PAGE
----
A

Diffusion of a sphere in a dilute solution of polymer coils

Abstract

We calculate the short time and the long time diffusion coefficient of a spherical tracer particle in a polymer solution in the low density limit by solving the Smoluchowski equation for a two-particle system and applying a generalized Einstein relation (fluctuation dissipation theorem). The tracer particle as well as the polymer coils are idealized as hard spheres with a no-slip boundary condition for the solvent but the hydrodynamic radius of the polymer coils is allowed to be smaller than the direct-interaction radius. We take hydrodynamic interactions up to 11th order in the particle distance into account. For the limit of small polymers, the expected generalized Stokes-Einstein relation is found. The long time diffusion coefficient also roughly obeys the generalized Stokes-Einstein relation for larger polymers whereas the short time coefficient does not. We find good qualitative and quantitative agreement to experiments.

FDT,Diffusion

I Introduction

Transport properties of Brownian particles in suspensions are of great interest for all technological applications involving complex fluids such as food technology or oil recovery and they have been studied extensively experimentally (see, e.g., Dunstan and Stokes (2000); Brown and Rymden (1988)) and theoretically (see, e.g., Harris (1976); Felderhof (1978); Batchelor (1983); Medina-Noyla (1988); Dean and Lefèvre (2004)). The diffusion constant of a spherical tracer particle with radius in a simple solvent is to a good approximation given by the Stokes-Einstein relation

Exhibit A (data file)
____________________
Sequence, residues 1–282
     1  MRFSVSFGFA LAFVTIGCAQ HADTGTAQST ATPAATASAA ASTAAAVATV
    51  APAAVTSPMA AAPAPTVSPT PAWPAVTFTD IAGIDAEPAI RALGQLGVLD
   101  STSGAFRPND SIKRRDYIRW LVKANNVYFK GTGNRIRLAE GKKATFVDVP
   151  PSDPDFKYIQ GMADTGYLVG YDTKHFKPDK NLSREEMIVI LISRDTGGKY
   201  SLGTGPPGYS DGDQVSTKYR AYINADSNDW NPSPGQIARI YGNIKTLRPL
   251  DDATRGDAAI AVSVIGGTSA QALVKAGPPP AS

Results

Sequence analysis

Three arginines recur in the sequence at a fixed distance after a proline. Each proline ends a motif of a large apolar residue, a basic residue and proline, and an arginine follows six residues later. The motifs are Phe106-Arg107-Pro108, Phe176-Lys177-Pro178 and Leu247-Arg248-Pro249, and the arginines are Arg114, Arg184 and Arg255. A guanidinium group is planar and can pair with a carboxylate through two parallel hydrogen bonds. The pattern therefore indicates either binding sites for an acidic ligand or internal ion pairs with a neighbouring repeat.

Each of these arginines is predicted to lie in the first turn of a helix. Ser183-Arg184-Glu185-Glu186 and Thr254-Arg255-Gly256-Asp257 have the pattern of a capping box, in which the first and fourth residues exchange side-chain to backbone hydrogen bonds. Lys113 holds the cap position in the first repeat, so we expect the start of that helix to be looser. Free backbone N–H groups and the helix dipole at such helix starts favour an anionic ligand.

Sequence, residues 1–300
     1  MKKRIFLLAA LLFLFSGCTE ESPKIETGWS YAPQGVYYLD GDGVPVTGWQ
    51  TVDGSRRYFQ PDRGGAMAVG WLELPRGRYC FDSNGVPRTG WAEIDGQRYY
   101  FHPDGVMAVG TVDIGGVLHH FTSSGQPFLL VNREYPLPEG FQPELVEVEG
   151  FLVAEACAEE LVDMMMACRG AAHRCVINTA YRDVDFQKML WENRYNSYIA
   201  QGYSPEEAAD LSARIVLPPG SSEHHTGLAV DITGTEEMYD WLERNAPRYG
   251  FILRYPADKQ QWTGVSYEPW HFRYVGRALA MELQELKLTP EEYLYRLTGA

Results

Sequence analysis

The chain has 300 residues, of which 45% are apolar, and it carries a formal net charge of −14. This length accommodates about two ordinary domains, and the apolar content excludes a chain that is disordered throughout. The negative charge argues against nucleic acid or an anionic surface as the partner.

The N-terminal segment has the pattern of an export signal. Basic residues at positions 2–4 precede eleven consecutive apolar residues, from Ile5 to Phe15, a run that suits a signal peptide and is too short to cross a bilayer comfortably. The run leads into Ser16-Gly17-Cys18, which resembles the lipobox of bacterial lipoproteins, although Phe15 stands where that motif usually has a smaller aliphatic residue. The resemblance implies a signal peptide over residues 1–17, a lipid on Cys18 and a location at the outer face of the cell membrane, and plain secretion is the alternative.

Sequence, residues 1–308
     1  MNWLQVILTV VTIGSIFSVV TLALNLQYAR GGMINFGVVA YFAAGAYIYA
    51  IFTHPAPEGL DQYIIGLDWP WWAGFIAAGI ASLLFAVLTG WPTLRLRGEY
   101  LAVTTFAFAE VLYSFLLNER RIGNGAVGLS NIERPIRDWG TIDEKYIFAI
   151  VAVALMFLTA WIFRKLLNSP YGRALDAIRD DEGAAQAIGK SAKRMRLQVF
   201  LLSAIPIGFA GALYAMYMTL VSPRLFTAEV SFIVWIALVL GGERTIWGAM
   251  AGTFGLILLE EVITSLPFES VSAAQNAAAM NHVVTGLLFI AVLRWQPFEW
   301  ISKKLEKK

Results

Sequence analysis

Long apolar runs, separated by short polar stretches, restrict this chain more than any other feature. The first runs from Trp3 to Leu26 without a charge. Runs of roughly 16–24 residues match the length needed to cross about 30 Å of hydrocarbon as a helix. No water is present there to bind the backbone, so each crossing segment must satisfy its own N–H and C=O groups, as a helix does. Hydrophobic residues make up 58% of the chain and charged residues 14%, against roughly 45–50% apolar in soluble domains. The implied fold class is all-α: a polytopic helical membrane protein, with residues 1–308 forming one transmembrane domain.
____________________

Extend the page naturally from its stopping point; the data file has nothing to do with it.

(1)

with the solvent viscosity and the thermal energy . As demonstrated, e.g., for the case of a tracer sphere in solution of polymers Ullmann et al. (1985); Phillies et al. (1985, 1997); Phillies (1985), the naive approach to replace the pure solvent viscosity with the macroscopic shear viscosity of the polymer solution (as measured in a viscosimeter) in general fails. The polymer solution in the vicinity of the moving sphere is not homogeneous. Even in equilibrium one observes depletion layers or density oscillations (depending on the interaction potentials between the polymers and between the polymer and the particle). In the vicinity of a moving particle, the flowing solvent rearranges the polymers leading to an enhanced polymer density in-front and a reduced polymer density behind the particle Penna et al. (2003), which leads to an enhanced friction Squires and Brady (2005); Rauscher et al. (2007); Gutsche et al. (2008), and to long-ranged solvent mediated effective interactions Dzubiella et al. (2003); Krüger and Rauscher (2007). The time scale for the build-up of these inhomogeneities in the solution in the vicinity of the moving particle is given by the diffusivity of the polymers and the particle size. For most systems this time scale is well separated from the corresponding microscopic time scale of the solvent Bedeaux and Mazur (1974); Pagitsas et al. (1979); Cukier et al. (1980), but rather close to the time scale of the particle diffusion (given by the particle size and its diffusion constant in the pure solvent).